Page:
Permanent link to this item
UNDERGROUND RIFLERANGES, Bush Advocate, Volume V, Issue 339, 12 July 1890
(the times.) I Major- General Philip Smith during* his tenure of office as the General commanding the Home District -has gained popularity among the metropolitan Volunteers by virtue of the zealous interest which he has shown in their affairs. It is notorious that metropolitan riflemen labour under great disadvantages in the matter of obtaining* practice in the use of the infantry weapon, that the difficulty of obtaining* adequate ranges in the open air tends to become -greater every year, and that the men can, as a rule, devote only their evenings to military training. Mnny inventions have been brought out with the view of .minimising these disadvantages, and it Avas thought at one time that Mr. Morris had gone as far as Avas possible toAvards the .solution of the difficulty. He, it is well' known, devised a plan by Avhich a tube was introduced into the barrel of the Martini- Henry, so that, upon a miniature range of absolute safety, men could use in the full-sized weapon a charge and a bullet not larger than. those of , a saloon rifle. Major Richards also introduced a scheme by which the Martini could bo used as a saloon rifle without the introduction of a tube. His scheme involved to all appearance the fixing of a re voh-er car tridge upon tb c flan go of a Martini cartridge. In his case also there Avas a miniature range. But practical men, althnigh they gladly admitted the merits of loth schemes, could not fail to recogniso in them a common defect which greatly impaired their value for military purposes. It is no easy thing to teach a recruit to hold his ride properly, to take au accurate aim, to press and not to pull the trigger ; und all these points could bo impressed upon those who used the inventions of Mr. Morris. But there remained still the difficulty, apparently insuperable, of rendering the recruit accustomed to the recoil of the rifle Avhen fully charged, under any circumstances other than those of an open rage. It may be said at once that Colonel Huddan and Dr. Stephenson have overcome that difficulty, and that the members of Colonel Haddan's battalion can noAv, at their own headquarters, practise with rifles carrying a full charge and a full-sized bullet, and thai when thoy go to an open range the only fresh difficulties they Avill have to encounter will be those of wind and light. Colonel Haddan's task has been to provide in the middle of a crowded neighbourhood a perfectly safe range, the noise from which should uot reach the ears of the inhabitants of adjoininghouses. In the matter of safety hehas, with the assistance, of Colonel Athnrpe, the commanding Royal Engineer of the Home District, absolutely succeeded. A tunnel, some 25ft. long, has been driven nuclei' the drill-ground; the roof, supported by iron girders, has been lined with Portland cement, the sides Avith brick and lime cement, and tho floor has been laid Avith concrete. A strong light illuminates the miniature targets, and the rifleman whe stands in a dim twilight, finds that he can take a perfect aim, while a large disc fan, driven by a gas engine, forces the smoke up a shaft and clears the air. If this Avere all,, nobody but a deaf •man, or one bold enough to visk tho certainty of deafness could use the tunnel, for the noise of tho report would be intolerable. But Colonel Haddau has obviated this difficulty by lining the tunnel Avith thick felt coated Avith sackcloth, the result being that tho noise of the report is immediately deadened. Mr. lligby, the expert, perhaps strained a point when, in an after-supper speech, he declared that the rifle in the new range would " roar you as gently as any sucking dove," and would be not more noticeable than the beat of a drum ; but it is true, and it suffices for the purpose, that inside the vault tho noise is not moro than is tolerable. Ontside, on the drillground, the effect is curious ; each report is heard as a dull boom, similar to that of a heavy gun at a distance. Listeners Avith eyes closed might haA'o fancied themselves to be standing on tho seashore listening to a Royal salute fired far out at sea. So much for the tunnel, which, when all is said and done, is a device necessary only for volunteers avlio are compelled to mako tho best of their position in crowded neighbourhoods. Moreover, the tunnel would be useless if Dr. Stephenson had not inA'entcd his patent target ; and in relation to this invention it may bo stated that its .author, Avith rare modesty, claims no credit, but declares that it was forced upon him by circumstances Tho A'oluntecrs in Avhom he was interested had absolutely no range upon which to practise except an old stable which he placed at their disposal. In that stable Dr Stephenson discoA-ercd that a bullet, impinging on a steel pinto laid at an angle of about one in two and a half, would invariably glide along the angle of the plate. That fact, once discovered, became the basis of his patent target, Avhich completely obviates the difficulty of " splash," Avhich, as MajarGeneral Smith observed, is tho greatest obstacle that the designers of littlo ranges have to encounter. The apparatus, in its present form, is easily described. Tho rifleman takes up his position facing a canvas screen, in the C-ntro of which a paper target is pasted. The bullet, passing through the screen, strikes the steel plate and rushes upwards along it. At the top of the inclined plane is a piece of iron, overlapping it a little, after the manner of the' eavoof a houso, and bent downwards on the far side. This piece of iron, called tho " floppor," hangs upon a hinge, and, Avhilo it yields to thc^impact of the bullet, vapidly killjs its energy, so that in tho end the dead missile drops into a box of sawdust. There can bo no question as •_ to the utility .of this invention. At the end of a tunnel such as that which Colonel lladdan, who encountered unforeseen difficulties in tho shape of a spring and a. sandbed, has constructed at great expense, it makes rifle practice possible in the Heart of 'a"'city, and in the country, Avhere' tl.ie. clement of noise need not be considered,. .' it maybe setup on any open piece of ground. It is not pretended, of course, that marksmen, in the technical senso, can be made by practise at tlie immature range, but it is clear that third-class firing can bo accomplished thoro under practical conditions, and that men can be taught there iv a thoroughly sound Avay.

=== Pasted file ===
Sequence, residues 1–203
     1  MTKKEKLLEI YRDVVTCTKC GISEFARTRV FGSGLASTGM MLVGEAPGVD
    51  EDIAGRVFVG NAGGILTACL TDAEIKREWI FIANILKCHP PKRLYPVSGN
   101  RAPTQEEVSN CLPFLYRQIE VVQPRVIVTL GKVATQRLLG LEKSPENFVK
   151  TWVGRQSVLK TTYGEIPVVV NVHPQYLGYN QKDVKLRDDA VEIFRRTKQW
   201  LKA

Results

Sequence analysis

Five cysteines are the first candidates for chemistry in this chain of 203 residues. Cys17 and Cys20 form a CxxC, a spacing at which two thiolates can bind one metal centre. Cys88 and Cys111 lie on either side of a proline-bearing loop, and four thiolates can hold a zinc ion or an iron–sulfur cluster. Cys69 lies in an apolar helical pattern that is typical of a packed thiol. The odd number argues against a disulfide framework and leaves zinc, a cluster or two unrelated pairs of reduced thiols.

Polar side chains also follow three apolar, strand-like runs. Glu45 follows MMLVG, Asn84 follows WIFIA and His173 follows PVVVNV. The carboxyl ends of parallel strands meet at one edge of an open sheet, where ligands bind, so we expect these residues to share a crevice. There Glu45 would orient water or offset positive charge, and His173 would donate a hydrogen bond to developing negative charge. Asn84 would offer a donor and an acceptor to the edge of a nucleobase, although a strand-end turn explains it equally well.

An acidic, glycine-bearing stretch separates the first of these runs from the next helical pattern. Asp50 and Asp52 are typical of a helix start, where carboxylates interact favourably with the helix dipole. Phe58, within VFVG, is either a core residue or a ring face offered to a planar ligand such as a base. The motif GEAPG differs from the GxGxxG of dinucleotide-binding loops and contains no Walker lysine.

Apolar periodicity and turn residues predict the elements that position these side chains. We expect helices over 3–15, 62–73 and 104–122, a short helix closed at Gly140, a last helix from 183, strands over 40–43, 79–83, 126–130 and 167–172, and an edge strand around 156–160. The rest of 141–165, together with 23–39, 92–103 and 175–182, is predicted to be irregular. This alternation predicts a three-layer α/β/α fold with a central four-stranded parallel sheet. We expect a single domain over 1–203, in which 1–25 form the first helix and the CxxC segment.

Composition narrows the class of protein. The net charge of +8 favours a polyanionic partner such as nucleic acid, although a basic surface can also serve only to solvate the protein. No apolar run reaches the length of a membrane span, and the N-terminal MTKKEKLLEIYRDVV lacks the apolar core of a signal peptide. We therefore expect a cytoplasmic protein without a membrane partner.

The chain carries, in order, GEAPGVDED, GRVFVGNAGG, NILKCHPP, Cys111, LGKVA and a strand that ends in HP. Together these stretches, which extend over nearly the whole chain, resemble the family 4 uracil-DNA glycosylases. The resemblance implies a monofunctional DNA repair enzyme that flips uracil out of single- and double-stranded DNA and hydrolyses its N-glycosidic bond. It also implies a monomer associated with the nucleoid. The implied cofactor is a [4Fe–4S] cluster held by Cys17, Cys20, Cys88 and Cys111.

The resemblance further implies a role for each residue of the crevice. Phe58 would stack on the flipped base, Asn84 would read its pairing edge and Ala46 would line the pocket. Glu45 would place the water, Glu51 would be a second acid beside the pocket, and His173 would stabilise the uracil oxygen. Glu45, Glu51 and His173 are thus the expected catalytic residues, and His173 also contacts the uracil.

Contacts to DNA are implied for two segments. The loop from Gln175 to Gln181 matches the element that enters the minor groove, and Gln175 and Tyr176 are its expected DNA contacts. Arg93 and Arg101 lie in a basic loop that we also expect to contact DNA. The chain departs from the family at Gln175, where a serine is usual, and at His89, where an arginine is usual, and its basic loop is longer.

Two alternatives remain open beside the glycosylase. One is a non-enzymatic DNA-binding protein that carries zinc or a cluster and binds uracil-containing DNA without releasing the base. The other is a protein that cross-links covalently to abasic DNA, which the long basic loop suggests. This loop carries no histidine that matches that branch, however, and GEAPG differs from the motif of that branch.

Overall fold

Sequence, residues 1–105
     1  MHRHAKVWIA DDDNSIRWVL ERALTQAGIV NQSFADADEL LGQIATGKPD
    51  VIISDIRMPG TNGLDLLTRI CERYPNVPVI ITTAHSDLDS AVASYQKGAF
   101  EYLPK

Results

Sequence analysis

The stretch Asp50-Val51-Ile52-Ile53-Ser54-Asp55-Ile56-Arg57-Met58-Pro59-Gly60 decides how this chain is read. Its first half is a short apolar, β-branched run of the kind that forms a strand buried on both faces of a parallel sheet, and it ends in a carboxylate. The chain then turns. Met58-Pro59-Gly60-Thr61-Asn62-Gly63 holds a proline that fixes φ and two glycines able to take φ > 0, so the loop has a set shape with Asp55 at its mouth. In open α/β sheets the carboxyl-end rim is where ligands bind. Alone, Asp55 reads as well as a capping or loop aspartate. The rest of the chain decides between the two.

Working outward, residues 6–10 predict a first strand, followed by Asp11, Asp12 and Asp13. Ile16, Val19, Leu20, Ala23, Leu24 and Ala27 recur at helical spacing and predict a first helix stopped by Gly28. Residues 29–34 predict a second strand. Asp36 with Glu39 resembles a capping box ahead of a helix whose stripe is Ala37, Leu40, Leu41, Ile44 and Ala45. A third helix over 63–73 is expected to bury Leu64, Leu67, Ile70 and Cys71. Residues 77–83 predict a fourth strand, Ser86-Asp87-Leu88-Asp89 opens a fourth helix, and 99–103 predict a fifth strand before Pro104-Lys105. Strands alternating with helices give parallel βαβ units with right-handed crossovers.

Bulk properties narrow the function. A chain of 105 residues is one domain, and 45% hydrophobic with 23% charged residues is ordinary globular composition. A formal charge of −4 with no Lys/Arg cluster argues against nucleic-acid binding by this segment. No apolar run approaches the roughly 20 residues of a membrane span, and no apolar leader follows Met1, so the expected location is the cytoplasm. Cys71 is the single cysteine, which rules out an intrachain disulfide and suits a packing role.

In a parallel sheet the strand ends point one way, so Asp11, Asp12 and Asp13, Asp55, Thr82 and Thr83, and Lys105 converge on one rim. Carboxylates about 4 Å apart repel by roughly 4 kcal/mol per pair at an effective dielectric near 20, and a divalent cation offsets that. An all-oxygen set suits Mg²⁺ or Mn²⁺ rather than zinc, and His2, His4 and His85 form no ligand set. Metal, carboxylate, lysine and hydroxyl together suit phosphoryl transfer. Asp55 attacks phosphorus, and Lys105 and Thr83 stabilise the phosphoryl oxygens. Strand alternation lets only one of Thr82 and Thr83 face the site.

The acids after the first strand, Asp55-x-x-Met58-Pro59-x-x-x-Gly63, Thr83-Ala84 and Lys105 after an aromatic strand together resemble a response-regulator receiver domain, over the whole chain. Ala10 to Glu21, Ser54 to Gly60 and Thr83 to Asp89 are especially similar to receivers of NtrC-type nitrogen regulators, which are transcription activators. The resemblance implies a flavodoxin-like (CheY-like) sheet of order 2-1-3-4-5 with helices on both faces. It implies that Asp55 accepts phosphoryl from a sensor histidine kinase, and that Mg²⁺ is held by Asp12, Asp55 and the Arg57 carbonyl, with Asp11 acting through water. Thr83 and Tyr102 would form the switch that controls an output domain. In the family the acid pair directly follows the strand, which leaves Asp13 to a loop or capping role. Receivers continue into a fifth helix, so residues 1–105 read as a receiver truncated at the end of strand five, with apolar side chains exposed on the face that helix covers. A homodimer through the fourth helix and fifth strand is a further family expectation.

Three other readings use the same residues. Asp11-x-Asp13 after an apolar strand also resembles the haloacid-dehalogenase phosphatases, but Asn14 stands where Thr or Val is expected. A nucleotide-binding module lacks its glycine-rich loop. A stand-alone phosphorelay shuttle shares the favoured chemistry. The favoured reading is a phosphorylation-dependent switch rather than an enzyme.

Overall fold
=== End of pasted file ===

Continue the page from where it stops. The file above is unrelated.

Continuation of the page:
UNDERGROUND RIFLERANGES, Bush Advocate, Volume V, Issue 339, 12 July 1890
See our copyright guide for information on how you may use this title.
Papers Past now contains more than just newspapers. Use these links to navigate to other kinds of materials.
These links will always show you how deep you are in the collection. Click them to get a broader view of the items you're currently viewing.
Enter names, places, or other keywords that you're curious about here. We'll look for them in the fulltext of millions of articles.
Browsed to an interesting page? Click here to search within the item you're currently viewing, or start a new search.
Use these buttons to limit your searches to particular dates, titles, and more.
Switch between images of the original document and text transcriptions and outlines you can cut and paste.
Print, save, zoom in and more.
If you'd rather just browse through documents, click here to find titles and issues from particular dates and geographic regions.
The "Help" link will show you different tips for each page on the site, so click here often as you explore the site.